Elsewhere, it's easier to get a grip on the precise time the tendency to overwhelmingly favor RBI men for the award was born.
That would be the year 1956, the year the Cy Young Award came into existence. Dodgers hurler Don Newcombe won both the Cy Young and the NL MVP that year, but there wouldn't be that many more pitching MVPs in the years to come.
Daley also explained that tendency in his 1963 column. Once again, the rationale should sound familiar:
"[There] always has been a reluctance on the part of the electors to go for pitchers over day-in-and-day-out operatives. This reluctance has increased since the establishment of the Cy Young Award for the top pitcher in the majors."
Since the Cy Young Award arrived in 1956, there have been seven American League pitcher MVPs and only two National League pitcher MVPs. In between have been many, many RBI men.
Don Malcolm of Hardball Times crunched the numbers in 2008. What he found was that between 1956 and 1989, the NL MVP went to the league RBI leader 50 percent of the time and the AL MVP went to the league RBI leader 47 percent of the time.
Among the other voting trends that emerged in that span, by far the strangest when viewed through a modern lens is the obsession with relievers in the 1970s and 1980s. Mike Marshall and Sparky Lyle won Cy Youngs in the late '70s, and Rollie Fingers and Willie Hernandez took home AL Cy Youngs and AL MVPs in 1981 and 1984, respectively.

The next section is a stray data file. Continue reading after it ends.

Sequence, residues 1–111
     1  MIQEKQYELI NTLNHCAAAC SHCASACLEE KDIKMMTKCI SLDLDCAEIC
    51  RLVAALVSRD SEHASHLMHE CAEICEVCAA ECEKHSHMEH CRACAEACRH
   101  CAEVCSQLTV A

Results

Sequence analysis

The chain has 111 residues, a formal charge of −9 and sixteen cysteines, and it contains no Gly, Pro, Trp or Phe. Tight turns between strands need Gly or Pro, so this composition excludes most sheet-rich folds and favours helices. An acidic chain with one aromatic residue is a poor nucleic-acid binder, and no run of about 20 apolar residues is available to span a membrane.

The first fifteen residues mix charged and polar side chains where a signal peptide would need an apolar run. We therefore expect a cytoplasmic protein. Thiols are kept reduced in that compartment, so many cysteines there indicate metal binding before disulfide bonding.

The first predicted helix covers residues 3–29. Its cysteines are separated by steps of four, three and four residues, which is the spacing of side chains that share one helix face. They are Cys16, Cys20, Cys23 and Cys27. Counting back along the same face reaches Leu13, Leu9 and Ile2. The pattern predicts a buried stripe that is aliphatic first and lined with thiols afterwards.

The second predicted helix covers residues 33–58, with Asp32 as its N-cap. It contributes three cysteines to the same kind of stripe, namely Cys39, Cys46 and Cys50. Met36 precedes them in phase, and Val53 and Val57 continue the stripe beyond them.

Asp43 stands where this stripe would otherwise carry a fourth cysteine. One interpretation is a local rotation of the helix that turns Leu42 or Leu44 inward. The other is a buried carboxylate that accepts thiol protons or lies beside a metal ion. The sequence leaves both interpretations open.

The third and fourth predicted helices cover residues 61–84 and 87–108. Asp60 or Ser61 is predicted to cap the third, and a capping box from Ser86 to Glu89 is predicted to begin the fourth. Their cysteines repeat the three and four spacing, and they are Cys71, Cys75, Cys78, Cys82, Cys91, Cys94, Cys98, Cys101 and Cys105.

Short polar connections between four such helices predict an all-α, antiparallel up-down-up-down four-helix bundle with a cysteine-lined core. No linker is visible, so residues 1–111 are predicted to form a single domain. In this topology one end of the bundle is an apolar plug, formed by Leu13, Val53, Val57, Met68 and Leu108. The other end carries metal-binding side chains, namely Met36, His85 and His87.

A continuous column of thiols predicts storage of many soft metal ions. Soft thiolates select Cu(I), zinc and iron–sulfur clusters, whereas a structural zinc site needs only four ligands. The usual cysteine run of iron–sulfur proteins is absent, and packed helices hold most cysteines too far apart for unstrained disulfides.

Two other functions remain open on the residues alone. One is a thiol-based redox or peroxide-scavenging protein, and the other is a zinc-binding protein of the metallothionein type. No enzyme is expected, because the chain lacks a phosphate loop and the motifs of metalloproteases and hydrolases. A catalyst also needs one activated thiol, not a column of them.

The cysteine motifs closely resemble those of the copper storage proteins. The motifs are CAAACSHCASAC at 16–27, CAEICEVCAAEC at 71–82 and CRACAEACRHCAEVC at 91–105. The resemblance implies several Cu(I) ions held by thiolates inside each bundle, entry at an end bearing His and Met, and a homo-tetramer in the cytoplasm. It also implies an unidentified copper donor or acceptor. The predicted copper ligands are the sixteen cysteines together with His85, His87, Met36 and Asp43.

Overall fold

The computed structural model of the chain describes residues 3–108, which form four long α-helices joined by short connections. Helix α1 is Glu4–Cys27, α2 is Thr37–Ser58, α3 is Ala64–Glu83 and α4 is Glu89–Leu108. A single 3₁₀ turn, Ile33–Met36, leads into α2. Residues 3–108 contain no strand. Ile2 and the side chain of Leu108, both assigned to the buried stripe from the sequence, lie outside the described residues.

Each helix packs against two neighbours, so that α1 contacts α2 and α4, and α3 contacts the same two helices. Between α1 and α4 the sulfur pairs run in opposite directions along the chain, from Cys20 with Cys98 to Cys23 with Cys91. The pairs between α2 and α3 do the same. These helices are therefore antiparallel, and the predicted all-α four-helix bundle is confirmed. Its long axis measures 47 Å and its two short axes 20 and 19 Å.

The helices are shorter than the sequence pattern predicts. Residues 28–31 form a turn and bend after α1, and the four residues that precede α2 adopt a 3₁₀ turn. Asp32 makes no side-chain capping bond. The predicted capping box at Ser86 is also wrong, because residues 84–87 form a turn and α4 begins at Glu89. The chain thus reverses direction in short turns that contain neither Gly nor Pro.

It was a sign of the times. Murray Chass of The New York Times summed it up best when he wrote in 1979 that "no self-respecting team would be caught without at least one prominent [reliever]."
By far the biggest breach of character to occur in the MVP voting between 1956 and 1989, however, was the selection of Andre Dawson as the NL MVP in 1987.
Dawson's Chicago Cubs had finished in last place that year, and Michael Martinez of The New York Times pointed out that Dawson was the first player to play for a team that placed lower than fifth to be awarded the MVP since the writers started handling the award in 1931.
The reason for Dawson's win, according to Martinez: "Dawson's numbers, despite the Cubs' 76-85 record in the National League East, were simply too impressive to disregard."
He did have some impressive numbers. Dawson hit .287/.328/.568 with an NL-best 49 homers and 137 RBI. Those latter two numbers said he was the best player in the National League, so why not vote him for MVP?
Dawson also had a feelgood story thing going for him. He had only ended up on the Cubs because he hadn't received interest from any other team following his exit from the Montreal Expos. That was mostly due to collusion on the part of the owners, but it didn't help that Dawson's health was a question mark after playing so many years on Olympic Stadium's turf.
In short, things got complicated when Dawson won the MVP in 1987. He proved that the best player can be an MVP even if he's coming from a losing team, and he also opened the door for voters to seriously consider other narratives besides just team success.
A couple years later in 1989, there was Chass of the Times trotting out a few more thought experiments in regard to the NL MVP race between Kevin Mitchell, Will Clark and Pedro Guerrero.
Dominant hitters though they were, Chass argued that Mitchell and Clark both played for the Giants, and were thus able to support each other in the lineup. Guerrero didn't have a partner in crime as good as he was in the Cardinals lineup, and thus had to handle a greater responsibility.